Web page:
12th Conference on Atmospheric Radiation


Aerosol and Cloud Radiative Forcing in China: Preliminary Results from the EAST-AIRE Project

Z. Li, Univ. of Maryland, College Park, MD; and M. Cribb, W. Mi, and X. Xia

East Asia, and China in particular, is a region that can provide crucial and unique information concerning natural and anthropogenic aerosols and their impact on fundamental climate issues. Until very recently, few observational studies were conducted in this region of heavy aerosol loading and unique properties. The East Asian Study of Tropospheric Aerosols: an International Regional Experiment (EAST-AIRE) is an attempt to more fully characterize the physical, optical and chemical properties of these aerosols in different parts of China. Currently, three ground observation stations have been established under the aegis of this experiment. They include Xianghe (70 km southeast of Beijing), Liaozhong (50 km west of Shenyang), and Tai Lake (central to three mega-cities Shanghai, Hangzhou and Nanjing). Measurements have been taken continuously over different periods of time. The measurements include radiative quantities (for example, longwave and shortwave broadband and narrowband irradiances, etc.), the sky condition from a total sky imager, and aerosol quantities such as optical depth and single-scattering albedo. A preliminary analysis of the data with regards to the aerosol radiative forcing at the top of the atmosphere and at the surface will be presented. Critical to this analysis is the identification of clear skies, which is problematic in this region due to the ubiquitous presence of aerosol in the atmosphere. Another challenge is the discrimination between haze and cloud. The synergy of multiple data sources from the ground and from satellite is shown to help in identifying sky condition so that aerosol and cloud forcing can be determined. .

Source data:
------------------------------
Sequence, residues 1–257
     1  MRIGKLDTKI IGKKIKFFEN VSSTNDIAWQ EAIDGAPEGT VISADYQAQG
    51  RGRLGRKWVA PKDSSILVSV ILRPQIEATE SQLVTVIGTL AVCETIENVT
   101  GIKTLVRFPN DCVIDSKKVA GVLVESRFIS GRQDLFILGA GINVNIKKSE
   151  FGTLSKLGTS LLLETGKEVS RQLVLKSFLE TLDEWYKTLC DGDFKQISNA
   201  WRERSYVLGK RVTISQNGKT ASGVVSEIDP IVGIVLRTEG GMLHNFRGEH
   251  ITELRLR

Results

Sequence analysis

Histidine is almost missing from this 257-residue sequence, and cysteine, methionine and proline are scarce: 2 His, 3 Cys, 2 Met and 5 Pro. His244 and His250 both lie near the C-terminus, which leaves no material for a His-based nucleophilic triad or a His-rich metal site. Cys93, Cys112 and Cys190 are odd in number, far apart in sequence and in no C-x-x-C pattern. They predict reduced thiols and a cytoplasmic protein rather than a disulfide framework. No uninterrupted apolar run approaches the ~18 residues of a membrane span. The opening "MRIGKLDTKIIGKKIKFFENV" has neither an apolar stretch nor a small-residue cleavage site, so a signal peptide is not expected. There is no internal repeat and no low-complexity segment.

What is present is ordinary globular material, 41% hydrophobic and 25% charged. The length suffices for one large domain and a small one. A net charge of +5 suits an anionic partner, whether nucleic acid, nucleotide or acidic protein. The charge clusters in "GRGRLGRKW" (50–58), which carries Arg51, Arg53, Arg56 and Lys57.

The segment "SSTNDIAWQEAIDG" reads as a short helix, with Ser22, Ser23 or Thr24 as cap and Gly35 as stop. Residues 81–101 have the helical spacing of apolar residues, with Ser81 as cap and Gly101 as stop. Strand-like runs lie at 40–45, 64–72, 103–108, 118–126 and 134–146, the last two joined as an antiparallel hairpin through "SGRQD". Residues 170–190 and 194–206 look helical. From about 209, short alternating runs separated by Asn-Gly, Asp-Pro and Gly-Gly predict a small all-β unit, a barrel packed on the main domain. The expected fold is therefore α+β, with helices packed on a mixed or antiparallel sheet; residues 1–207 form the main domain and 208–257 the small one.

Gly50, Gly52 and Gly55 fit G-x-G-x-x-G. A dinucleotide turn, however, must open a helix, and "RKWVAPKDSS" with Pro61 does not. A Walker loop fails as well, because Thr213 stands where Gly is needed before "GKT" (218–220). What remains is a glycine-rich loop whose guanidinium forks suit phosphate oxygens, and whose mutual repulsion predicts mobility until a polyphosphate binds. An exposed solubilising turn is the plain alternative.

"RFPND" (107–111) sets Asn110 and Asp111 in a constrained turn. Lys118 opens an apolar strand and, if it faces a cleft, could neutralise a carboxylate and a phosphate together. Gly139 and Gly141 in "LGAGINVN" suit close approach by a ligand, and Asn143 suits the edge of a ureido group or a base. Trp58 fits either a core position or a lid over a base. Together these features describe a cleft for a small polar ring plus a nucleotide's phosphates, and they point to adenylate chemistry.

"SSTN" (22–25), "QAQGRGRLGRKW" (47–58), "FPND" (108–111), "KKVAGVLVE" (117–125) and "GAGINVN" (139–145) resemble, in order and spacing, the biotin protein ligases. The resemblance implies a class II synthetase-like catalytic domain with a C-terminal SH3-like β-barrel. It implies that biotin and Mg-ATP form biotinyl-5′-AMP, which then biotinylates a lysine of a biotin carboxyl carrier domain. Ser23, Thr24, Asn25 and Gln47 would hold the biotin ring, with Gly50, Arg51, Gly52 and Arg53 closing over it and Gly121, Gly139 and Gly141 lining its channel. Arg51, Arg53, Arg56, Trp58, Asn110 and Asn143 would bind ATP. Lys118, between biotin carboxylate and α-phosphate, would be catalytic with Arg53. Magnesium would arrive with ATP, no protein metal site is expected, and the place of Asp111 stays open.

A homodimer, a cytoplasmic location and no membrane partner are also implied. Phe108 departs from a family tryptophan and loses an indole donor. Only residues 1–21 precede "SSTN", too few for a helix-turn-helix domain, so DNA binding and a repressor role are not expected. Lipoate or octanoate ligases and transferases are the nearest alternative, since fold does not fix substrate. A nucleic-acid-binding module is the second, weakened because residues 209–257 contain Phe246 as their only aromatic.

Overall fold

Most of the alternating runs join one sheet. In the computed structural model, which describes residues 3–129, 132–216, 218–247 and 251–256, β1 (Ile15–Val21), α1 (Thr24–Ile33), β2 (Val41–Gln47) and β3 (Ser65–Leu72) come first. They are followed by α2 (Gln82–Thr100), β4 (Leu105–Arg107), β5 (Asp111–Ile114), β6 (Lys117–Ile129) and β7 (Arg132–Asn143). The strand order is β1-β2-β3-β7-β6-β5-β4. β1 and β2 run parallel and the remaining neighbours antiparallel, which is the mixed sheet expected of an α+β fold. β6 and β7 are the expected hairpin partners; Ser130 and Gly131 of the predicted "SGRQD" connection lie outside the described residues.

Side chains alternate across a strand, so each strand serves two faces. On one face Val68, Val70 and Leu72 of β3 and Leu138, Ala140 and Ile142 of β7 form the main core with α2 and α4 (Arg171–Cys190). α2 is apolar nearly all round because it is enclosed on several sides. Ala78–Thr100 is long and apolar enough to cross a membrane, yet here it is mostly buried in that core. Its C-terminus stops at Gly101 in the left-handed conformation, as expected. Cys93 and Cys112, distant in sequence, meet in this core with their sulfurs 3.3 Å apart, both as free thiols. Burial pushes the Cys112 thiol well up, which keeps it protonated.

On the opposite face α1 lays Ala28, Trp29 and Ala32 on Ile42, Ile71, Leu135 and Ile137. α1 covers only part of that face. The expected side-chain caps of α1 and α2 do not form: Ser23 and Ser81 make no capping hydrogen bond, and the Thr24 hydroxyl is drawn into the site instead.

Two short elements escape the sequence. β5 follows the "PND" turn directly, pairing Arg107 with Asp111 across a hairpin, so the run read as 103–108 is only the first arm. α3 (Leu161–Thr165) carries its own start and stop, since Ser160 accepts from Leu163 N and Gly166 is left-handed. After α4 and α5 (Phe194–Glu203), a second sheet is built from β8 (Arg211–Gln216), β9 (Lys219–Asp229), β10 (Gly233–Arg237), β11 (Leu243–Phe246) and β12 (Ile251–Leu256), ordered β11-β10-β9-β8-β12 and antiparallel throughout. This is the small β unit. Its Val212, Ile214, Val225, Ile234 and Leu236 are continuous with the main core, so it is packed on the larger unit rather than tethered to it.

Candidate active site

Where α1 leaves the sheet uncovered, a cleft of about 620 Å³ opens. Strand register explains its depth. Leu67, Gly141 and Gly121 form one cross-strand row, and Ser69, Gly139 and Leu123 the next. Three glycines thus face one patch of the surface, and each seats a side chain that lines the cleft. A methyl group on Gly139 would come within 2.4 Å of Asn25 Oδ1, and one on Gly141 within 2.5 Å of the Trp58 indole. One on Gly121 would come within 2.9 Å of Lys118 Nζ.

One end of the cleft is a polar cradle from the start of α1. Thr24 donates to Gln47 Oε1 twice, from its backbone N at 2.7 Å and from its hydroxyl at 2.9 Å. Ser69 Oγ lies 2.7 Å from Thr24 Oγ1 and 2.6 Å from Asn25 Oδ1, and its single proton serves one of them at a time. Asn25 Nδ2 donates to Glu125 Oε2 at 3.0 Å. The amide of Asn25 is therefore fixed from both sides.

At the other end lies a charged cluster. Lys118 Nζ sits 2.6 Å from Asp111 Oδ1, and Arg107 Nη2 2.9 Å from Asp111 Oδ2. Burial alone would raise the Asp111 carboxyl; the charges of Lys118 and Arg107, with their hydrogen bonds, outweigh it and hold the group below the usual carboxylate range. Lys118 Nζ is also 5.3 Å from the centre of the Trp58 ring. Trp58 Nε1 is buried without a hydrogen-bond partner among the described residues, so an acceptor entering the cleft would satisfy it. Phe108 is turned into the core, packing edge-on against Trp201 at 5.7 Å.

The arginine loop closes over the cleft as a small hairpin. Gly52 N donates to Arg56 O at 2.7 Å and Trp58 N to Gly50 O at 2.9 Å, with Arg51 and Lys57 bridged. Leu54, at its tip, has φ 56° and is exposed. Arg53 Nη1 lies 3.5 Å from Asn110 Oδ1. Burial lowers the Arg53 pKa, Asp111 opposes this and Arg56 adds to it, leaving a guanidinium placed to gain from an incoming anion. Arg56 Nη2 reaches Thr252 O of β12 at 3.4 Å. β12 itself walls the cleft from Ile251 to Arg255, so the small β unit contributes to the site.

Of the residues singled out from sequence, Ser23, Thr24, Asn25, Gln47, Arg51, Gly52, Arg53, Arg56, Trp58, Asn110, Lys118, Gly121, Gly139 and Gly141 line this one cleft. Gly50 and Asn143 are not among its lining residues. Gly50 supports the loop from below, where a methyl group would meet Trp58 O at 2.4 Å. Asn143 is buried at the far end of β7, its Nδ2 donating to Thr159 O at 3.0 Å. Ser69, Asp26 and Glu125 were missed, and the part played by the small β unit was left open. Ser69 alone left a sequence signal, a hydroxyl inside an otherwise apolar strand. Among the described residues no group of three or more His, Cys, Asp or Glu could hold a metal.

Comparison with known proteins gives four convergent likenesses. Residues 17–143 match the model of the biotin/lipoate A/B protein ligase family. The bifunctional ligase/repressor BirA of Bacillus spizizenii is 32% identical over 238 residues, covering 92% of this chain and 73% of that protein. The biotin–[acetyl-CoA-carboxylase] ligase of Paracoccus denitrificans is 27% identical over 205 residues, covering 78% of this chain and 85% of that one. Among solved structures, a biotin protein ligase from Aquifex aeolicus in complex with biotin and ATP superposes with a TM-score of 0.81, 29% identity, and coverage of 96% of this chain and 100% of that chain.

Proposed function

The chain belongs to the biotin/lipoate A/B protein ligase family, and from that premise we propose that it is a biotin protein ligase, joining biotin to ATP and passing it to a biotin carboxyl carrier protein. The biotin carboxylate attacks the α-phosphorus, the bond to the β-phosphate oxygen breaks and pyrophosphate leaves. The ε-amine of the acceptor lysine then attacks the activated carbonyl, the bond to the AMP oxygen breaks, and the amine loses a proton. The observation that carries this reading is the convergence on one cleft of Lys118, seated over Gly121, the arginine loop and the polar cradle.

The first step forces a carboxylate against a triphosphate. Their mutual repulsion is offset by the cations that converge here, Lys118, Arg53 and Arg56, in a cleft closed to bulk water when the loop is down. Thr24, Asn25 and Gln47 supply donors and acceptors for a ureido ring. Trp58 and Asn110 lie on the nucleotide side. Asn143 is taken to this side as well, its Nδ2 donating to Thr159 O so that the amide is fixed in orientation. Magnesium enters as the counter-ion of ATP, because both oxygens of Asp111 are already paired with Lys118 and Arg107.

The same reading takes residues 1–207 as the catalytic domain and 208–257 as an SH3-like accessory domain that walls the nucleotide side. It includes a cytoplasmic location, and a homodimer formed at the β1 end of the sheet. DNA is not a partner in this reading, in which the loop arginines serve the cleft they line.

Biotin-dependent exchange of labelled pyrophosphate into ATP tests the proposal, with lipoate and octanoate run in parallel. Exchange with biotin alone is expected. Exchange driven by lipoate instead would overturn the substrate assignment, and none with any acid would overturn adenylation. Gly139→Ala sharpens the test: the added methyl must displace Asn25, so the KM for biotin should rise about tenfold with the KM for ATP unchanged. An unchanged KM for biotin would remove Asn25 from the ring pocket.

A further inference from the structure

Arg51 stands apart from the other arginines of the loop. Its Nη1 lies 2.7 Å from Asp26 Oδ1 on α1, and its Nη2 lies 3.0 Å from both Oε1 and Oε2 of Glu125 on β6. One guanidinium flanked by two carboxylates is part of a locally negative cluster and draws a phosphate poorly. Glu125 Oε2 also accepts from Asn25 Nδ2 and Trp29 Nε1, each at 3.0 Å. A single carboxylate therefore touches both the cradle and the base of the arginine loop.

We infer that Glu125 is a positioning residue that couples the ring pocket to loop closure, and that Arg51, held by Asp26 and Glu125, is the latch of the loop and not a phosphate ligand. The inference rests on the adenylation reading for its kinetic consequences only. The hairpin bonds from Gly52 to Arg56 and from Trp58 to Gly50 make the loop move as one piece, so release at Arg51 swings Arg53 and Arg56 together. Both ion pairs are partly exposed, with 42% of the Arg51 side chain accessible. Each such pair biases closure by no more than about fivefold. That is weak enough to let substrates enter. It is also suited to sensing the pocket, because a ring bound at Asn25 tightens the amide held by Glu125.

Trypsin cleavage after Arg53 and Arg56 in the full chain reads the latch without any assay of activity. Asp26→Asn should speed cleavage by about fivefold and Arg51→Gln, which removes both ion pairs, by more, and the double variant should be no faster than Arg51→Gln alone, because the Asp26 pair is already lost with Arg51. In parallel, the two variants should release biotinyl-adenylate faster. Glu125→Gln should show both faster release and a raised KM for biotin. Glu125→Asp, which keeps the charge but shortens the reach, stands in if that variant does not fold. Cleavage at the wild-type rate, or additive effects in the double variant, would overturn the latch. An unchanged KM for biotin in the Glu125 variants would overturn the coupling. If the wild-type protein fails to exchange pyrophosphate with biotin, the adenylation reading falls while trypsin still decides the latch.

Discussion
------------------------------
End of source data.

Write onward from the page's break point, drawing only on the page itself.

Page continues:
Session 7, Interaction of Radiation with Clouds and Aerosols
Wednesday, 12 July 2006, 8:30 AM-10:00 AM, Ballroom AD

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